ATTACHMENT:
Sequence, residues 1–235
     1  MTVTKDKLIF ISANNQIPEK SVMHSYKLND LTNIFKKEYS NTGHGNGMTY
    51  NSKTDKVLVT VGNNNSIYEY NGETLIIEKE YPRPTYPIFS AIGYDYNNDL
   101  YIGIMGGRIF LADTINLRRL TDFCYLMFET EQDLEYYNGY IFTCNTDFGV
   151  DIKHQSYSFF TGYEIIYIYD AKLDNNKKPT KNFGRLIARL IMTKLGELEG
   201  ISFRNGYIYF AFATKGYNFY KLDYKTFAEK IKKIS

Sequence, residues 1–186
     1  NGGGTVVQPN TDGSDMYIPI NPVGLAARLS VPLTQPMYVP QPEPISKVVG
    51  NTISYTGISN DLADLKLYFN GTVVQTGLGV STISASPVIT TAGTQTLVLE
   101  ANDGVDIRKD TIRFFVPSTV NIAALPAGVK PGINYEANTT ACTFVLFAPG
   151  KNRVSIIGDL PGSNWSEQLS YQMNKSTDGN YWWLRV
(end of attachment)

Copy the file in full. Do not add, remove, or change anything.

Sequence, residues 1–235
     1  MTVTKDKLIF ISANNQIPEK SVMHSYKLND LTNIFKKEYS NTGHGNGMTY
    51  NSKTDKVLVT VGNNNSIYEY NGETLIIEKE YPRPTYPIFS AIGYDYNNDL
   101  YIGIMGGRIF LADTINLRRL TDFCYLMFET EQDLEYYNGY IFTCNTDFGV
   151  DIKHQSYSFF TGYEIIYIYD AKLDNNKKPT KNFGRLIARL IMTKLGELEG
   201  ISFRNGYIYF AFATKGYNFY KLDYKTFAEK IKKIS

Sequence, residues 1–186
     1  NGGGTVVQPN TDGSDMYIPI NPVGLAARLS VPLTQPMYVP QPEPISKVVG
    51  NTISYTGISN DLADLKLYFN GTVVQTGLGV STISASPVIT TAGTQTLVLE
   101  ANDGVDIRKD TIRFFVPSTV NIAALPAGVK PGINYEANTT ACTFVLFAPG
   151  KNRVSIIGDL PGSNWSEQLS YQMNKSTDGN YWWLRV